How to Free Yourself From Original Sin

You know, Jesus preached a gospel of how to free yourself from original sin, and yet you don’t see that gospel preached in any of the churches. In the constant repetition of three’s that you see in not just the Gospels, but in many other places in the Bible as well, the teaching is hidden. In some cases, such as His experience in the desert after He was baptized by John, the story is explicit: speaking, or hinting, of concrete examples, such as deliberate non-judging in order to not be judged ourselves. For it does somehow involve the very idea of judgment, this state of sin we find ourselves in. It was the fruit of the knowledge of good and evil (the very basis upon which judgment is made) that bent man into this current state.

Christianity instead is fixated upon the death of Christ. The death maybe more than even the resurrection. Indeed, to form the pattern of three correctly there must also include the portion that seems more to go with sacrifice. Now, Jesus was tempted by the devil three times. If one type signifies death, which one is it? Which temptation is more like death in some way, even if it is only so figuratively, than the others? Is it the temptation to leap from the Temple? Certainly the imagery exists there for a state change, that he could do something such as leap and not change in the way that someone who did leap would otherwise change.

In the manner that this transpires it suggests that our notion of sin is as that of an energy which is not so much traveling with us over time, but also as a diffuse energy. Even though we have a strong myth for it we can’t really see the point of origin upon which this energy springs from. We can’t, like we can with light from the early universe, just peer backward and determine what we are dealing with. No, somehow we carry the thing we call sin with us to be born anew with each generation. What the Christ story is telling us, therefore, is that there is the opportunity for addressing and changing this seed of sin. Individually we can address it and, finding ourselves within the inner temple of ourselves, choose not to leap into the world where we would otherwise cast our feet upon stones, a stone being a metaphor for judgment. As this energy is not directional it is vulnerable to a person at any time addressing its origin story, the one that continually is born anew within each generation, and making a decision concerning the temptation to judgment.

Jesus was big into telling us about the Holy Spirit. He called Him the ‘Helper’. He encouraged those with Him prior to His ascension to ‘wait for the Helper’. The Helper is the very same Spirit that came upon Jesus like a dove at His baptism. The same Spirit that drove Jesus into the desert in order to be tempted by the devil. The Helper seems to want us to face temptation in so much as He formed a template for the gospel story in the story of the time in the desert. The real question is: Did he do this in order to show us what we had to go through, or was it a portion of His own origin story upon which, in its fulfillment rather than its origin, we could hang our hopes. Certainly Christianity has chosen the latter interpretation.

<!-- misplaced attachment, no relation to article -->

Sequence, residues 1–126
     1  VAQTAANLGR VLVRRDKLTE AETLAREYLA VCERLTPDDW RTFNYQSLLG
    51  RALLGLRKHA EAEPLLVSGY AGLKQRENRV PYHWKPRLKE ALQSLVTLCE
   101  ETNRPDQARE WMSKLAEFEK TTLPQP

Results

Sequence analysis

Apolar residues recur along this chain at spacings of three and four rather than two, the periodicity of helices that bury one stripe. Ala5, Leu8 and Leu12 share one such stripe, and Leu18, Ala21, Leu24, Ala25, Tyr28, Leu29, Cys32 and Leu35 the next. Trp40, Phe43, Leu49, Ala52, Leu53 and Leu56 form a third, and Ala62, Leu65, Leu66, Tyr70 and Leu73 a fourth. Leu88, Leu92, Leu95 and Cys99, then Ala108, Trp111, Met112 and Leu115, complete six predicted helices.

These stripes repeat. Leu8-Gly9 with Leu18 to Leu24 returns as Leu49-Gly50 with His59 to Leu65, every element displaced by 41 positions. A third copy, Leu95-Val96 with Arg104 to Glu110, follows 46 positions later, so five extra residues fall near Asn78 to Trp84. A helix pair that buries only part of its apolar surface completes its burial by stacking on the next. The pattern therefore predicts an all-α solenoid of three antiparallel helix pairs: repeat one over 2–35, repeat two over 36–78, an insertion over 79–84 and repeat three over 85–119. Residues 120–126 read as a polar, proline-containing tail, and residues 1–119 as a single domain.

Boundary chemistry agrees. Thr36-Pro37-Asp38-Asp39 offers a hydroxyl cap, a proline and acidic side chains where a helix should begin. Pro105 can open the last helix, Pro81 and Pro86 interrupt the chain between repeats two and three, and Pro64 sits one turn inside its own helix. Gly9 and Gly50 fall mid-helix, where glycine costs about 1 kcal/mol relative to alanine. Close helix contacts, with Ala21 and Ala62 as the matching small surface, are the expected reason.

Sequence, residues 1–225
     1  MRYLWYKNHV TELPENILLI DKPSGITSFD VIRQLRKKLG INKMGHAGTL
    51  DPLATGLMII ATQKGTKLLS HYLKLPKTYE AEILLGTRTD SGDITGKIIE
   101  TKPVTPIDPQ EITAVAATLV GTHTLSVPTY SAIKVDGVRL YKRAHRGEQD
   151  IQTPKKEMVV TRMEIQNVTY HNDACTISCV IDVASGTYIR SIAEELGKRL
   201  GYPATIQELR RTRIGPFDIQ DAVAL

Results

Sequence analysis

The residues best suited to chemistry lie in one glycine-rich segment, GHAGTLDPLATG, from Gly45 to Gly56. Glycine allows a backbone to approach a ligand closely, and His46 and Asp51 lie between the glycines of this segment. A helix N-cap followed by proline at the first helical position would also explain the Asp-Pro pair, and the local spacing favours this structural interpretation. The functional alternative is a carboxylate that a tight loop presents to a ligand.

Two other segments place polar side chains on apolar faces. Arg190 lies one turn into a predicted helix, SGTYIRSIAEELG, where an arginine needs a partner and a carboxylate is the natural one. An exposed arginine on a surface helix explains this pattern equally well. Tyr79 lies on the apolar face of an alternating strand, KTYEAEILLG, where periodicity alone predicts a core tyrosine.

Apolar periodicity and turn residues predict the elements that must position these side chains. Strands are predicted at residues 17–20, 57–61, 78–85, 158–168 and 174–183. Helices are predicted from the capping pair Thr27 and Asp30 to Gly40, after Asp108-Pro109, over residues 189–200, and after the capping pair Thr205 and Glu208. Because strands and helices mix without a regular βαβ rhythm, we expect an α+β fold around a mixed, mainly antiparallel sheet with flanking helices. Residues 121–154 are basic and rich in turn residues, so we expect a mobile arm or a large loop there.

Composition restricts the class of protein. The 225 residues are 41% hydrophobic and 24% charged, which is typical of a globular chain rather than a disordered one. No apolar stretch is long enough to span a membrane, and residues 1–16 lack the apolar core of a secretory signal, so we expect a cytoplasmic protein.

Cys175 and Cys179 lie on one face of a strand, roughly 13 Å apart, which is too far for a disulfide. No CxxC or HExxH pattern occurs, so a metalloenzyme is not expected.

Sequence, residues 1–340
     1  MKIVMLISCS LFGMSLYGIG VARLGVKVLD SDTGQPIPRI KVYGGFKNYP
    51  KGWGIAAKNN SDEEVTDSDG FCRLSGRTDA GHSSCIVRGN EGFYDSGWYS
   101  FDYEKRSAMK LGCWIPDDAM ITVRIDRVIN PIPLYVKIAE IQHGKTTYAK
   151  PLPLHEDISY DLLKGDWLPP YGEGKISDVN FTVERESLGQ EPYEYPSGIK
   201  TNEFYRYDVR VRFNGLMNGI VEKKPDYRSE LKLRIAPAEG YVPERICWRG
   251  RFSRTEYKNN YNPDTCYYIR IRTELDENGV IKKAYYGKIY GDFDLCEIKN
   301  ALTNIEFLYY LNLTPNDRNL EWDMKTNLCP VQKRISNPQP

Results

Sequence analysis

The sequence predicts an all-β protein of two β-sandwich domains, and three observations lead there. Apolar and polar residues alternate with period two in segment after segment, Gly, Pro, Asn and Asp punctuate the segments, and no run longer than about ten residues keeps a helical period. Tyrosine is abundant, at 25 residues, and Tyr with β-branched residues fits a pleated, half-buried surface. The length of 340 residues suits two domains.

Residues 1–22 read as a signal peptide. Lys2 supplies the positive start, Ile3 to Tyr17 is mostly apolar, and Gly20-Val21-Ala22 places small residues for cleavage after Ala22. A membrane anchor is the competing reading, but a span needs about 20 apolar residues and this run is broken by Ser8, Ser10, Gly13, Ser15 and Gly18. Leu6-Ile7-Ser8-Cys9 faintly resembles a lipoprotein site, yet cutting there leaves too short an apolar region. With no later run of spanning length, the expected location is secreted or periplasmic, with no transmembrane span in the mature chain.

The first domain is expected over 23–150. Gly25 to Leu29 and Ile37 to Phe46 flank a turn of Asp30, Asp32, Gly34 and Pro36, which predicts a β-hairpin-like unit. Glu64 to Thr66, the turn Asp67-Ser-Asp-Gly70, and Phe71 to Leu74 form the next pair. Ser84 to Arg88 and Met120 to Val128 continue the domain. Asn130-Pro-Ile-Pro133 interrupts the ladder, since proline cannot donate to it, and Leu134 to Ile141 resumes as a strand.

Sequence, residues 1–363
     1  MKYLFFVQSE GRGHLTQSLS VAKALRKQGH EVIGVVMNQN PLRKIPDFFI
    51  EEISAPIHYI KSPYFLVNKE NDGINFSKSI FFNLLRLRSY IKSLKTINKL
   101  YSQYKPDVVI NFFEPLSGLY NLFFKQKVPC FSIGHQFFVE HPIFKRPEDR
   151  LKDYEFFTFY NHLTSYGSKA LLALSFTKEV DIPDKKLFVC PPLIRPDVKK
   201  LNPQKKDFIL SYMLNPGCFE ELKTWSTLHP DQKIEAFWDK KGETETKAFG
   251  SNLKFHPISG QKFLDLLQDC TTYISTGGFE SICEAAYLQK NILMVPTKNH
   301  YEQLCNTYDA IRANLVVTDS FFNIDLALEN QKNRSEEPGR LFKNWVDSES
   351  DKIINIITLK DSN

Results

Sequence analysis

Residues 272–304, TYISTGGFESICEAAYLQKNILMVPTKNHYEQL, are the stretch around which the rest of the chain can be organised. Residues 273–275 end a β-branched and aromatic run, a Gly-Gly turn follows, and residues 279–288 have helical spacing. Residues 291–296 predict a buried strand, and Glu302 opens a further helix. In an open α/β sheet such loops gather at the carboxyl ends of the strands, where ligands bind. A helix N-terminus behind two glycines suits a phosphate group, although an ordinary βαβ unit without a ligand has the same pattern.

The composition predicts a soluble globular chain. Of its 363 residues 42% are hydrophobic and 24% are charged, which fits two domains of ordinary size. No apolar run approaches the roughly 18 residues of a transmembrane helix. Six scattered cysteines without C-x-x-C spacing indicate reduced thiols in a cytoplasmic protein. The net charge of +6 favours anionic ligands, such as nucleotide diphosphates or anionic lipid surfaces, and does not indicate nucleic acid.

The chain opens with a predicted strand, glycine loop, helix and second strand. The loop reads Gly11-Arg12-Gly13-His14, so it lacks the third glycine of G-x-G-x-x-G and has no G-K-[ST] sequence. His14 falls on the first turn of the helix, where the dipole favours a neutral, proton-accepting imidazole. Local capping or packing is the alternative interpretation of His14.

But what if while accepting that we are denying ourselves the worldview which He had hoped for us to find. What if He wanted us to embrace the Holy Spirit so that He could teach us how to engage the temptation to judgment? What might happen? Could it be that it would be the time prophesied in the story of the Transfiguration, how that afterward, when He came back down from the mountain and found the disciples He had left behind arguing with the scribes. They had failed to cast an unclean Spirit out of a boy. Jesus immediately cast the spirit out and then said, “This kind does not come out except by prayer and fasting”, an allusion to his time in the desert. He didn’t say, “and you can’t do this.” He did say, in other places, that the friends of the bridegroom would not naturally fast while the bridegroom is with them, but that afterward, when he is gone from them, they will fast. Well, he is gone from us and yet we don’t fast. We don’t engage what it means to be tempted. While we do have a strong culture of giving to the poor and other such charities which do address the matter communally, we don’t have a church culture that teaches personally overcoming judgment.

Should we? Maybe the desert time is only meant to underscore Jesus’ credibility? Maybe it’s not something we are supposed to study and seek to engage in ourselves? There might even be certain Pauline reasons why we shouldn’t: “know only Christ, and Christ crucified.” These reasons may suggest more of a need to better accept forgiveness, which would then compel us, by way of such a great inner example, to offer the same to our fellow man and not necessarily to engage in what, outside of said notion, only seems to embrace bitterness. I wonder what people’s opinions, if they have any, are about this?


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